An Argentine of Italian origin, Lando Simonetti built a career in the US fashion industry before returning to Argentina in 1985 and founding La Martina.
A keen polo player in his youth, Mr Simonetti saw an opportunity to provide professional players with high-quality equipment. He began by making leather saddles and boots, then added shirts and caps. To reinforce the brand's Argentine roots, La Martina sourced 65 per cent of materials locally.
With a limited marketing budget, Mr Simonetti relied on word of mouth and a close link with the Polo Management Group, an affiliated company he set up to run big events around the world.
In Argentina and other Latin American countries, La Martina products were sold mainly in exclusive stores that had meeting rooms for polo players and team owners. In Europe, by contrast, distributors sold the products through multi-brand stores.
As polo wear became increasingly fashionable, sales boomed and exceeded $200m a year. La Martina became a highly desirable clothing brand, with prices well above those of rivals.
La Martina's expansion presented Mr Simonetti with a dilemma: to capitalise on polo's new, cool status or fight it?
Fashion meant huge growth potential, while the polo-related market was small and concentrated in a few countries. There were only 20,000 professional players worldwide and 30,000 casual ones, mainly in Argentina, Brazil, Mexico, the UK and the US.
Moving further towards the fashion mainstream risked diluting the brand and exposing it to volatile consumer tastes. Mr Simonetti was worried that distribution in Europe was both too much overall and too broad – especially in Italy, where local licensees were pushing La Martina towards pure fashion.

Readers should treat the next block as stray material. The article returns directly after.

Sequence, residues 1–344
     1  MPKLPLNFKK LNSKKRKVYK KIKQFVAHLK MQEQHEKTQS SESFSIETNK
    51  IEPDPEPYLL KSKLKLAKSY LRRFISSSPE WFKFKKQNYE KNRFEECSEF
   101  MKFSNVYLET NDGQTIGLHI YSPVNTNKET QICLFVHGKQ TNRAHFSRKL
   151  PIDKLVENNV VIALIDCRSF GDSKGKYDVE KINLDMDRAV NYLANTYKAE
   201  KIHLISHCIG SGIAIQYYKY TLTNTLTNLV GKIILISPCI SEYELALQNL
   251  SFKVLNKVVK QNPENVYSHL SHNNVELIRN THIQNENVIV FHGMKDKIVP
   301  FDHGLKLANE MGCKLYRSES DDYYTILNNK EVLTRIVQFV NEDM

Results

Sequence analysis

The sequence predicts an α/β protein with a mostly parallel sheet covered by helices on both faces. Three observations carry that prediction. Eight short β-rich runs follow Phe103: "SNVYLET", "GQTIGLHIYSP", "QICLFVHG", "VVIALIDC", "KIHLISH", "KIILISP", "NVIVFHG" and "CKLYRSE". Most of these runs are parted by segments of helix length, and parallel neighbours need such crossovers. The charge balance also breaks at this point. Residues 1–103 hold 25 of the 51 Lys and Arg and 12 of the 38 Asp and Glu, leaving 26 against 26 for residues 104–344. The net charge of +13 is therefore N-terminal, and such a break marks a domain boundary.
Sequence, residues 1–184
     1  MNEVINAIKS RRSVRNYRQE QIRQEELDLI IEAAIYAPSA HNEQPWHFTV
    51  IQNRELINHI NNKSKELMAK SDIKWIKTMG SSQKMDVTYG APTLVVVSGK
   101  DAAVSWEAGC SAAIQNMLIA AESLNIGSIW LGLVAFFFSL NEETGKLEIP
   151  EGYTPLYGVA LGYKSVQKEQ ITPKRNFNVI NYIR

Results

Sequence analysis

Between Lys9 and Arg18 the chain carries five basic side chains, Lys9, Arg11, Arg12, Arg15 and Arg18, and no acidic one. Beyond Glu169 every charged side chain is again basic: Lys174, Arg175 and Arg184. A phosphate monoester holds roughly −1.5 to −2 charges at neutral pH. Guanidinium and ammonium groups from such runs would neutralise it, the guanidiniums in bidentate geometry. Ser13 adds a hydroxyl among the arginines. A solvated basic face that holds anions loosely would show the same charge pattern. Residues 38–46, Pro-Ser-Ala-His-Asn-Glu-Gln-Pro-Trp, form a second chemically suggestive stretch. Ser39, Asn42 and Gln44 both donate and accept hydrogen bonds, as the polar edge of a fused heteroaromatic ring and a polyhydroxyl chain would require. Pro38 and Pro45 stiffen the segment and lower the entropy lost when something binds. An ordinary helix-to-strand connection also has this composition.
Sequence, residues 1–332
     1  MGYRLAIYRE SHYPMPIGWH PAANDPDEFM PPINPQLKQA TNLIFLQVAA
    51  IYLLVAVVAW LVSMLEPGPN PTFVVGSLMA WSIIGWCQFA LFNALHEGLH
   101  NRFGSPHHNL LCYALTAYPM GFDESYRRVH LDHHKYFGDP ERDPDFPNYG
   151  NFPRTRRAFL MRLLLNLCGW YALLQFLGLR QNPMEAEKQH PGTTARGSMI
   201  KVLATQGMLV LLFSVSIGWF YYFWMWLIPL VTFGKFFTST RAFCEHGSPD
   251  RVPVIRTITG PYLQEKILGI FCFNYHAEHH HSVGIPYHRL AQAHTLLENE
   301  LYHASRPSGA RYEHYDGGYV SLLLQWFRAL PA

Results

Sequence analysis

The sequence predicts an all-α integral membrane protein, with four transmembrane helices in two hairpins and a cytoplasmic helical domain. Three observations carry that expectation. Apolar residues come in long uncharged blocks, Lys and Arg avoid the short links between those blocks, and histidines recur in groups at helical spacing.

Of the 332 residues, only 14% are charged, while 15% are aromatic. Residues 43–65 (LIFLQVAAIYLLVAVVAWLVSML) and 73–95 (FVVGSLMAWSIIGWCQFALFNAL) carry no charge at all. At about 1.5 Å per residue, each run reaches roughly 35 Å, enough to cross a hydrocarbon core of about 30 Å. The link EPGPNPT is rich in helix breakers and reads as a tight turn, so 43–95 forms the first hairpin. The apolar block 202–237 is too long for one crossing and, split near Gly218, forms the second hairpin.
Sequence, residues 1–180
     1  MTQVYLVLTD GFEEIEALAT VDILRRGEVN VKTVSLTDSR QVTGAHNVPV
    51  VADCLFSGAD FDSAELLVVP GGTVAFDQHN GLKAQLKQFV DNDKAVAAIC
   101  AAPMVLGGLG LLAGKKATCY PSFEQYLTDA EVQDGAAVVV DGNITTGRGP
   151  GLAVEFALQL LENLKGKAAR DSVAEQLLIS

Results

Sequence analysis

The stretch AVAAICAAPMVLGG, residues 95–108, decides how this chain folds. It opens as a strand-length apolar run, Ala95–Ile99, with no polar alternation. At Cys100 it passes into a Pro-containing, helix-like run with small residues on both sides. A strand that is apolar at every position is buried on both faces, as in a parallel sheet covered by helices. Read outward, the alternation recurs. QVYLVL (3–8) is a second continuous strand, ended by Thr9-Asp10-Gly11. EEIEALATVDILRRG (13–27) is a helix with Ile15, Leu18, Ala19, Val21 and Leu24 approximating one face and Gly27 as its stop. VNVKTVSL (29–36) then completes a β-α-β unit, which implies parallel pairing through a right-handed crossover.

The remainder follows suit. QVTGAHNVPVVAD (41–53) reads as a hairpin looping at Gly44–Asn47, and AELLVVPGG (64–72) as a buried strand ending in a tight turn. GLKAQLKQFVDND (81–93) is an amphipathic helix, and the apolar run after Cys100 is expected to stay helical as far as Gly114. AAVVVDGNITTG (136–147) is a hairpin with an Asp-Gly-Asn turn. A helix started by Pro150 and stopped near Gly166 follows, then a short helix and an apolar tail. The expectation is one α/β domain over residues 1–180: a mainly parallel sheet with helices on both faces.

Mr Simonetti decided to restore the brand's focus on polo and seek "quality volume" rather than faster, fashion-led growth.
His priority was to reinforce the exclusive image of La Martina in Europe. So he reduced the number of European distributors, ended the agreement with his Italian partners and set up a company in Switzerland to manage European operations.
Mr Simonetti refocused the European retail network by concentrating on flagship stores in prestigious locations such as Milan, Rome and Madrid, and in high-end summer resorts such as St Tropez, Capri and Sylt. He also ensured that La Martina had clearly signed corner sites or mini-shops in multi-brand stores such as Harrods.
Finally, Mr Simonetti re-emphasised La Martina's four-level customer hierarchy, which prioritises products for professional polo players, then casual players, aficionados and fashion consumers. He also signed a new co-branding deal with Guards Polo Club in the UK, the club most closely associated with the British royal family.
Sales are growing by more than 20 per cent a year in Europe and Latin America – a healthy but slower rate than it had been – and in Europe the brand has moved back to its exclusive niche.
La Martina plans to open 15 stores in 2013, in locations including Houston, Washington and Mexico, and is expanding cautiously into Asia.
La Martina is one of a growing number of emerging-market companies to develop a successful global brand. It has done so via its passion for polo, its strong Argentine roots, exclusivity, distinctive stores and prestige, high-quality authentic products. About 20 per cent of materials continue to be locally sourced; those for the technical equipment – such as saddles, kneeguards and helmets – are 100 per cent from Argentina.
The case shows how rapid growth can potentially dilute a luxury brand, forcing its owner to make big strategic decisions. It also highlights the challenge of managing partners.
Mr Simonetti believes that brand content is La Martina's only sustainable competitive advantage and must be managed constantly and aggressively – by resisting the temptation of fast fashion-led growth.
This article first appeared in the Financial Times on November 20th 2012.